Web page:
Amazon Publishing turns 10

This week, Amazon Publishing celebrates a decade in existence.

I remember when Amazon starts this endeavor, and how Big Publishing simultaneously looked down their collective nose and quaked in their collective boots. At that time, Amazon already controlled the lion’s share of the market. The company released the Kindle in 2007. After owning the marketshare, starting to own the medium on which books would be read, the company logically went after the third leg of the tripod — content.

The first book published by Amazon’s imprint was was Cayla Kluver’s Legacy, released in August 2009. That book did not go on to be a big blockbuster for the company, but several others did, including Mark Sullivan’s Beneath a Scarlet Sky and Blake Crouch’s Pines

Amazon figured out — far ahead of other publishers — that controlling the data of book buyers was the key to generation repeat sales.. If you know what people like to read, and you can tailor what books they see when they log onto your site, you can make suggestions that your readers might like. If they do like those suggestions, they keep coming back for more. Even to this day, this is not a model that Big Publishing is capable of matching.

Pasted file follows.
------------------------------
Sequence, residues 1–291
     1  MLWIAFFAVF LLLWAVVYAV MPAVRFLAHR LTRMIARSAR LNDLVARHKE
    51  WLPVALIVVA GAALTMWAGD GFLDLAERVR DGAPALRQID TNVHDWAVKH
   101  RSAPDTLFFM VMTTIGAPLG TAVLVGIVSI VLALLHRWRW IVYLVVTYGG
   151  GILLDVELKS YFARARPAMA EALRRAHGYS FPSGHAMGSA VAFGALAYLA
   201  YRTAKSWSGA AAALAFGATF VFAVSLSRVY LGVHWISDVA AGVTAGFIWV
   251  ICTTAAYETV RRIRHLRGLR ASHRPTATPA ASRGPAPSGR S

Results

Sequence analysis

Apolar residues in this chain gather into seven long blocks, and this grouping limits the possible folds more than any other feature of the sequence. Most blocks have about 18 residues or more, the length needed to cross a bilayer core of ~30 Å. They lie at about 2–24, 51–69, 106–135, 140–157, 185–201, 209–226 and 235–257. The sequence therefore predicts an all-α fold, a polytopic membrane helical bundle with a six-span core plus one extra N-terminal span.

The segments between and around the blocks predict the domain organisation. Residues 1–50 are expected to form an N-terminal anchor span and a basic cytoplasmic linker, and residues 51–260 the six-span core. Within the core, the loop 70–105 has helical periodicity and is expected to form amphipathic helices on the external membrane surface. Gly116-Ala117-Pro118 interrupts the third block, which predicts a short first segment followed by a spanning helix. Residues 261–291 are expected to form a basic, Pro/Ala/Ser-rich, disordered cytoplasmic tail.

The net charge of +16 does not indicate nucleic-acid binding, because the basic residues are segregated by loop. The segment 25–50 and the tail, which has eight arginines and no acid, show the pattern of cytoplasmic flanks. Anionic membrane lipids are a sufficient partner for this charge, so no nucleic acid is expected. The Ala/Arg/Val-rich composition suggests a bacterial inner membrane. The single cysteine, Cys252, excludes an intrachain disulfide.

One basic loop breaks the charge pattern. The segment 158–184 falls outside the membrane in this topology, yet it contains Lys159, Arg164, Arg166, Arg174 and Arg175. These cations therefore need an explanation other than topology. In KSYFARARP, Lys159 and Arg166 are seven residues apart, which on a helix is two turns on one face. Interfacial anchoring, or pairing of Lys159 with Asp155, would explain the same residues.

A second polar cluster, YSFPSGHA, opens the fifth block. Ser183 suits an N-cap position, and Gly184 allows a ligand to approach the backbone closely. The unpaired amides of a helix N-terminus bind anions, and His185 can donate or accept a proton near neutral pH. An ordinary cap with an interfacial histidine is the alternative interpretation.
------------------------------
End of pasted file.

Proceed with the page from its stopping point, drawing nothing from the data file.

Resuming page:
In the world of books, Amazon is king.

The company has so much data that when they now release a book, they can throw a couple of Wizard Behind the Curtain levers and boom, that book sells thousands — if not hundreds — of copies. 

Amazon’s dominance of the publishing world has not peaked. Far from it. They will continue to grow. As they gobble up big name writers — they just gave Sylvia Day a seven-figure advance for a novella, a 203-page book — they will further marginalize small publishers and even the Big Five. Amazon has deep coffers that the company has barely begun to tap.

Sorry, publishing world, it’s all over but the crying. By Amazon Publishing’s 20th anniversary, they might be the only Big left standing.

This blog post sponsored by our GoDaddy Coupon page. Use the code CJCSIG99C to snag a brand-new domain — including dot-coms — for 99 cents.